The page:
I’m getting quite close to having a completed novel. I’m not set, but I believe the title is going to be “Giving Up.” I thought, as a devotional today, that I would post an excerpt from the book. Obviously, you don’t know the characters or context, but this dialog about the teachings of Christ should be interesting to you either way:
As the sun rose over the horizon and shined into the large windows in their living room, Carter opened the little book, ‘The Teachings of Christ.’ It was a new day and a new journey. Both Carter and Julie’s heart beat with excitement as they prepared themselves to follow the teachings of this great philosopher of old, regardless of how counter-cultural it may be.
The first words of Jesus’ teachings was his introduction, the reading of a poem of old:
“The Spirit of the Lord is on me,
because he has anointed me
to preach good news to the poor.
He has sent me to proclaim freedom for the prisoners
and recovery of sight for the blind,
to release the oppressed,
to proclaim the year of the Lord’s favor.”
If there was one thing Carter had to acknowledge from the beginning, it was that the teachings where not necessarily directed to him. It wasn’t that the teachings of Christ weren’t for Julie and him, rather they were in a unique audience, not necessarily the primary audience. It didn’t take that much reflection to realize they were not poor, prisoners, blind, or oppressed. And, as Carter and Julie kept reading they realized the unique position they where in:
“Blessed are you who are poor,
for yours is the kingdom of God.
Blessed are you who hunger now,
for you will be satisfied.
Blessed are you who weep now,
for you will laugh.
Blessed are you when men hate you,
when they exclude you and insult you
and reject your name as evil, because of the Son of Man.
“Rejoice in that day and leap for joy, because great is your reward in heaven.
For that is how their fathers treated the prophets.
“But woe to you who are rich,
for you have already received your comfort.
Woe to you who are well fed now,
for you will go hungry.
Woe to you who laugh now,
for you will mourn and weep.
Woe to you when all men speak well of you,
for that is how their fathers treated the false prophets.
“Well, that’s not a very encouraging way to start.” Said Carter, “I don’t consider us rich, or I hadn’t until it’s put in this contrast. We definitely aren’t poor or hungry so clearly he’s saying that we’ve got to watch out because we are rich and well fed. He’s just lucky I’m a committed person, because otherwise I’d drop this quick and before he even got to saying anything.”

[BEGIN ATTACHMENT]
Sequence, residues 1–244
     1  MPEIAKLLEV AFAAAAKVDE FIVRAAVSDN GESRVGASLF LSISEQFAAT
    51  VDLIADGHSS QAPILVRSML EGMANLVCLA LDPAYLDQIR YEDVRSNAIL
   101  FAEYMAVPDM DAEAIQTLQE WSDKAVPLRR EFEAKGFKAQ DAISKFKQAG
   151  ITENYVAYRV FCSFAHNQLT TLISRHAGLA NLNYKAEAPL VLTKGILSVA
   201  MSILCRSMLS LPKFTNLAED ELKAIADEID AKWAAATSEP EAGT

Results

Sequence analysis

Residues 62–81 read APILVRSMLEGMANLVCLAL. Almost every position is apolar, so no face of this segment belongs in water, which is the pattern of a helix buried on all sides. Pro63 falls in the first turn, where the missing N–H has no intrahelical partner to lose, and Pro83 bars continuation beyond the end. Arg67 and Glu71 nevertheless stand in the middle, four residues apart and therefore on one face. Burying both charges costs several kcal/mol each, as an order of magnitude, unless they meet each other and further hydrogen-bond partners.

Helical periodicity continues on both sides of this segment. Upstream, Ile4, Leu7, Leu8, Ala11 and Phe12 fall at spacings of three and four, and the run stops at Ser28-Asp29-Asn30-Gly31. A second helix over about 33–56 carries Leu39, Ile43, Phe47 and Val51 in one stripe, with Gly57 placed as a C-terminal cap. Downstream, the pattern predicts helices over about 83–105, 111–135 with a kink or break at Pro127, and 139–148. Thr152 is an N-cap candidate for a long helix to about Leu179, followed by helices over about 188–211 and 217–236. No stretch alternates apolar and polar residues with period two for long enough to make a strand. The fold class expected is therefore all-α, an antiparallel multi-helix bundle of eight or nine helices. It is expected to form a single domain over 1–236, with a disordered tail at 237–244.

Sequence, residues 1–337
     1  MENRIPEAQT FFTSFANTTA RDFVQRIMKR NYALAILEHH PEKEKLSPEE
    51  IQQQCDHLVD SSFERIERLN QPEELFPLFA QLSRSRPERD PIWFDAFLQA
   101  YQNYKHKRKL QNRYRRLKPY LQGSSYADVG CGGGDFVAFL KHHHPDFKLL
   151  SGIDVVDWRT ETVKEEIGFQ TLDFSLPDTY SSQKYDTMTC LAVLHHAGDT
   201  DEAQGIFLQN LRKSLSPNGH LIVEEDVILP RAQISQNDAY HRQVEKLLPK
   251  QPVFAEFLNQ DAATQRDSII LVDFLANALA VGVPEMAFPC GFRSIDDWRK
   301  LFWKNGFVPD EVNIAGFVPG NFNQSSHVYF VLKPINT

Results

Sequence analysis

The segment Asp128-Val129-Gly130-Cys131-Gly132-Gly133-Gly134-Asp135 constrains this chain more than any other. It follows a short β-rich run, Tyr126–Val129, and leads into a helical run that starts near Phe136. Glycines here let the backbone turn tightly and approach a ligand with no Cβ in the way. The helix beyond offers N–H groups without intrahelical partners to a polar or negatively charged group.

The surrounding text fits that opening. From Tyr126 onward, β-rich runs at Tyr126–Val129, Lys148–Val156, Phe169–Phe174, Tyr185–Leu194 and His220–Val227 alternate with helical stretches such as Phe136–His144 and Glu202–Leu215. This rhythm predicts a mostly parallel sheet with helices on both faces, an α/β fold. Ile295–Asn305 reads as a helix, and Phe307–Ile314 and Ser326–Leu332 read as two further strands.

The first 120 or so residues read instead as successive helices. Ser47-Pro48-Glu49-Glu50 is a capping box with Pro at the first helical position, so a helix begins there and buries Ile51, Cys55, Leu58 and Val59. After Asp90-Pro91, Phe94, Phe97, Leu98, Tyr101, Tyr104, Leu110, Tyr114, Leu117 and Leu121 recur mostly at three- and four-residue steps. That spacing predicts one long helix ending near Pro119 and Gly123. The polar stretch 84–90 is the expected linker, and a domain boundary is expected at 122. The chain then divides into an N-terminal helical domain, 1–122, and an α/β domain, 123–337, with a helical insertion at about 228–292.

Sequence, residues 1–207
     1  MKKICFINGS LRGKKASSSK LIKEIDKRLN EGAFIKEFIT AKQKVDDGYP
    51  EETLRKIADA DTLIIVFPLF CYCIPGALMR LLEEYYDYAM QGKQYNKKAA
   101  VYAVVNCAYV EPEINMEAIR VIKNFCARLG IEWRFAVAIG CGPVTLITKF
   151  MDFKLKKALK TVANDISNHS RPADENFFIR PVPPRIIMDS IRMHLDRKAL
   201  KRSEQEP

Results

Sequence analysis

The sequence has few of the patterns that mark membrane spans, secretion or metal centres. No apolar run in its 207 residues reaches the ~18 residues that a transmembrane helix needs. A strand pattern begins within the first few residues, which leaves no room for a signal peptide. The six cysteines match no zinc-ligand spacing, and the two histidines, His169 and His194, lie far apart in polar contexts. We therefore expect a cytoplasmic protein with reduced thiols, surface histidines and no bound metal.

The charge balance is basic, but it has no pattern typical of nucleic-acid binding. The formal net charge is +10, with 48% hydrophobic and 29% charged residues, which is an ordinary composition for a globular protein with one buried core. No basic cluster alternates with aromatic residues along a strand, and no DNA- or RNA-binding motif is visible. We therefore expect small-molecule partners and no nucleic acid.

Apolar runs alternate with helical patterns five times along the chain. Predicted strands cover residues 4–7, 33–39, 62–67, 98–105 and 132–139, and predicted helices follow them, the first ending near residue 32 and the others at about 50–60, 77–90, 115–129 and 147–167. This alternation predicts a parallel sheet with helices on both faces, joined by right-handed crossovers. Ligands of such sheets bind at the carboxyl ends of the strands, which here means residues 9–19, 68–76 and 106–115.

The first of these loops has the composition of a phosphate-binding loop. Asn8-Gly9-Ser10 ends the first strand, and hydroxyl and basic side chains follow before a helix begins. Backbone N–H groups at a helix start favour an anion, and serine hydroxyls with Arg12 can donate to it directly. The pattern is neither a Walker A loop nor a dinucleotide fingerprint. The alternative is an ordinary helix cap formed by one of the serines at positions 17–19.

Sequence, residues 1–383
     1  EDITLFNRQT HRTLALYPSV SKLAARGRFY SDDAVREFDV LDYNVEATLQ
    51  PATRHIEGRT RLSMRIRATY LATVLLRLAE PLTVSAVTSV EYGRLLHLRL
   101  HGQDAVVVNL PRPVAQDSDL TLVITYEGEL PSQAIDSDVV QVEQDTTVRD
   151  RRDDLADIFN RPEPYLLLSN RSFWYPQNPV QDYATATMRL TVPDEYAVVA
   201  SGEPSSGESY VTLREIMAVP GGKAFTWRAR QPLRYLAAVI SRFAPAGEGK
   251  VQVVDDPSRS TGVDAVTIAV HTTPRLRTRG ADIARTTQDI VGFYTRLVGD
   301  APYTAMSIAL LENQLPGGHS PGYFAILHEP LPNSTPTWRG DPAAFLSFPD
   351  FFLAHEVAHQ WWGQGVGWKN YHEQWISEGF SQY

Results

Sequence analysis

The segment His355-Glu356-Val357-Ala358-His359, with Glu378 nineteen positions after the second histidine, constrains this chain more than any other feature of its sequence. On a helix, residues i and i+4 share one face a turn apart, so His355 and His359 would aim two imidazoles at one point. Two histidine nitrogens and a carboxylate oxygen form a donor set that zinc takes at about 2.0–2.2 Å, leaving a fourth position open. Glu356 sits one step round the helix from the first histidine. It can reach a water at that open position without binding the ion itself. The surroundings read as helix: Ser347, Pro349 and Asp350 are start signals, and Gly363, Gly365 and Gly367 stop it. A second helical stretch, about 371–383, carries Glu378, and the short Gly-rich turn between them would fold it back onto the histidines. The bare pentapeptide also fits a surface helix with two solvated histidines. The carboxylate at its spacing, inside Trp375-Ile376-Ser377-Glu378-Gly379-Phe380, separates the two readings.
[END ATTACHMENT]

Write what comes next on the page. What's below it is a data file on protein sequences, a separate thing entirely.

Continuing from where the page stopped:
“But Carter, I think his intention is just to be real and cast a new vision, different then the one you’ve been chasing. He’s got a whole speech after this, and it’s directed to everyone, regardless of if your being blessed or ‘woed.’ He’s giving us a clear warning, which I think is good. I mean, if a tornado was going to hit our house, you’d want someone to tell you right? If we’ve been living our lives chasing after false things, like riches our whole lives, it’s good we finally found someone who is going to tell it like it is.”
“Your right that it’s a new vision. I mean this is completely backwards to everything in our society, let alone all of history. Poor people rule the kingdom? And I’m the one that has to be careful cause I have too much stuff? This is a big paradigm shift.
I’ve got an idea.
This is way different then I’m used to normally thinking. You know, if I have a big wig coming to the office, I do a lot more to prepare for him then I would for say, the janitor in the building. Yet, if this is true, the ones we should be treating as royalty are the poor, not the rich. I was thinking, if we made a list of ‘important’ people, maybe we could better keep this in our minds through out the day.” And with that, Carter and Julie made a list of the poor and oppressed of their society:
“You know,” Julie said, “what’s interesting, is that Jesus doesn’t make any qualifications on what type of poor people the kingdom belongs to. My tendency would be to say, ‘poor people who didn’t become that way by their own poor decision making.’ Like take the kids with us right now. They are poor, but then again, they are just kids, and I’ve already seen how few chances they’ve had. What I’ve also realized through spending time with them, is that minorities, both kids and adults, face a lot of obstacles I’d never realized or considered before. I know, you might not believe me when I say this, but just thinking about these kids lives, the stories they tell, and the little history I know about our country, it’s become so obvious to me how much our favoritism has oppressed minorities.”